If you take the time to properly care for your beloved cast-iron cookware, it will reward you and your family with generations of loyal service. Follow these tips to treat your heirlooms with tender, loving care.

cast iron cleaning

Respect Your Cookware

Taking care of your cast iron means understanding its likes and dislikes.

Likes

Cooking with oil
Dry cupboards
Gentle cleaning

Dislikes

Water
Acidic foods
Soaps and harsh abrasives

cast iron cleaning

Cast-Iron Revitalization

If your heirlooms fall victim to rust, don’t despair. Follow these steps to get them back in action.

1. Scrub with a stiff-bristle brush and hot soapy water to remove any rust or buildup. Rinse well, and dry completely.
2. Brush a light coating of oil on inside and outside of pan.
3. Place a sheet of foil or a rimmed baking sheet on lower rack of oven to catch drips. Place oiled pan upside down on middle rack of oven.
4. Bake at 350° for about 1 hour. Turn off oven, and let pan cool in oven. Repeat as necessary. Store in a cool, dry place.

Seasoning Tip

Be conservative when applying oil to your pans for seasoning. Using too much can result in a sticky residue.

No Heirloom? No Problem

If you haven’t been blessed with the gift of your grandma’s beloved skillet, don’t worry—pre-seasoned cast-iron pans are widely available. Before using your pre-seasoned cast-iron pan for the first time, rinse with water, and dry completely. Before cooking, brush cookware lightly with oil, and heat slowly.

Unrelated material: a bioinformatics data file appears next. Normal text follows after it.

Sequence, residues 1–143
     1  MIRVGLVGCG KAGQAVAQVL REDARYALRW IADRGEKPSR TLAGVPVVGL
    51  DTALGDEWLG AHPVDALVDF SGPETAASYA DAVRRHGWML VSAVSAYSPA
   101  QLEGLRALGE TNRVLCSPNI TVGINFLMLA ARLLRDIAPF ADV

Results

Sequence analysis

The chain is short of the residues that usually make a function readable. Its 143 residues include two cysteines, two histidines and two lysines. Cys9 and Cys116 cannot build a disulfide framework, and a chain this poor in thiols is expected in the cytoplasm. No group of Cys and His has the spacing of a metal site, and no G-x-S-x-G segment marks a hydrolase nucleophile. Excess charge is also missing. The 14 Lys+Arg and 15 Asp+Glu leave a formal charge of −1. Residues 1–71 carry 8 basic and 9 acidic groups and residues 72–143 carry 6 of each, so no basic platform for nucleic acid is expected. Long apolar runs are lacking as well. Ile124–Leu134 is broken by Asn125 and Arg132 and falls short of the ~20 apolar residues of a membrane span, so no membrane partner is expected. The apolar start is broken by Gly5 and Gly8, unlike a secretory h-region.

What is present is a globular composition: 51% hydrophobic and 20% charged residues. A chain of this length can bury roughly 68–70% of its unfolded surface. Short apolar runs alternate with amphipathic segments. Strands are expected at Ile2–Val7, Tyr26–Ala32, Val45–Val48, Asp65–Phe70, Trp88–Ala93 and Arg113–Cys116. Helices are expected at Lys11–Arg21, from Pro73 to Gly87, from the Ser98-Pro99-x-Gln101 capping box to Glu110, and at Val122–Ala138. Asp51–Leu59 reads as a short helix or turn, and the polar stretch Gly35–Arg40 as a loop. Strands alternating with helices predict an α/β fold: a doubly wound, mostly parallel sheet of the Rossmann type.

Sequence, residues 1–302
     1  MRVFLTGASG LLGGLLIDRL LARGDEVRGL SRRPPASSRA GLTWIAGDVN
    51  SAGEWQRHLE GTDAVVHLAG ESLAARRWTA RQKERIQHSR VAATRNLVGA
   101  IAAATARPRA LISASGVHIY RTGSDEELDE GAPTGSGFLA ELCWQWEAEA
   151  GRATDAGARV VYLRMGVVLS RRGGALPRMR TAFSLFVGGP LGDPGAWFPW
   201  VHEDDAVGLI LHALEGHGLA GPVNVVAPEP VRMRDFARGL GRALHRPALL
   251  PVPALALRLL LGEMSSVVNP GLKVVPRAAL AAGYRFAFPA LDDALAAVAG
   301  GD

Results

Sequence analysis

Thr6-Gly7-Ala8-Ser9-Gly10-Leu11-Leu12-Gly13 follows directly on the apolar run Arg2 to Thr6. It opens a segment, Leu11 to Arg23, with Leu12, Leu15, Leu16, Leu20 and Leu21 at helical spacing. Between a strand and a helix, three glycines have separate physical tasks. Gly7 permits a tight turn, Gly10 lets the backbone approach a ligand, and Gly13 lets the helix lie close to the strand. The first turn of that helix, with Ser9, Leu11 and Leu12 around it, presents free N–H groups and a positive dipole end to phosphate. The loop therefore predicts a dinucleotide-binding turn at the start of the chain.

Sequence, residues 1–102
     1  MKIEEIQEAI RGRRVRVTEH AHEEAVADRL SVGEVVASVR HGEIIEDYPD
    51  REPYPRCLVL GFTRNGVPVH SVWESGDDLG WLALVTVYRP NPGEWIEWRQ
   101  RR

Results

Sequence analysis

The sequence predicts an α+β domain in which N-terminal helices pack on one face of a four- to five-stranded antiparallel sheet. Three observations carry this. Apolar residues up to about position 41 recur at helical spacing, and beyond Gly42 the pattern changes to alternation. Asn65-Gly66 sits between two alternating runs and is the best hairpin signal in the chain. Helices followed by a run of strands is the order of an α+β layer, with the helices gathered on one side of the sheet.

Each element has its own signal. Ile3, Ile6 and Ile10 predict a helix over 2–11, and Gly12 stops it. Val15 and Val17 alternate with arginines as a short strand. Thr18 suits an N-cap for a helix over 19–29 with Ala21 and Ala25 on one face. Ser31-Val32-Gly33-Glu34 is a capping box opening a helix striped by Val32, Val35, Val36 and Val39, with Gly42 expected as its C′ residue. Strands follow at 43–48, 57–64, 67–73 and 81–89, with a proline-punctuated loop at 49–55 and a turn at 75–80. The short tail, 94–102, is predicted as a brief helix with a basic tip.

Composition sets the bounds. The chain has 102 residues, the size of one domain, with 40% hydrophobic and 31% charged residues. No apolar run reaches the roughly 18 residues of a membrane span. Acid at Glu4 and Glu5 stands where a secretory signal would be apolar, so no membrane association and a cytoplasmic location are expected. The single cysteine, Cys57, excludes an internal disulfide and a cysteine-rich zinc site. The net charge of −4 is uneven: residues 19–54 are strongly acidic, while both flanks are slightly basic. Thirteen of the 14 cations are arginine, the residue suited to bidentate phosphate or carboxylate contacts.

2 COMMENTS

  1. I have a lodge dutch oven / 8 quart pot. I cannot seem to get the smell out of it and it makes everything I cook in in it taste like metal. I have tried re-seasoning, salt scrubs, elbow grease, etc. Nothing seems to help!

    I bought the pot to do gumbo’s but have abandoned it because of the issues above. Any ideas one what i can do to use the pan?

    • Hi! We’re thinking that it probably just doesn’t have enough seasoning on it. Also try not to scrub too hard while cleaning because that’s an easy way to strip your seasoning. Try seasoning it according to Jeff Rogers method (200, oil, 300, oil, 400). Do that twice, with canola oil. We also recommend that you don’t cook anything too acidic (including gumbo) for a bit after you finish the seasoning process. Gumbos usually have tomato and vinegar or hot sauces with vinegar that could be stripping away your fresh seasoning.

      If you still have that metallic taste, try contacting Lodge. It’s possible that it could just have a defect. Let us know if you have any questions!

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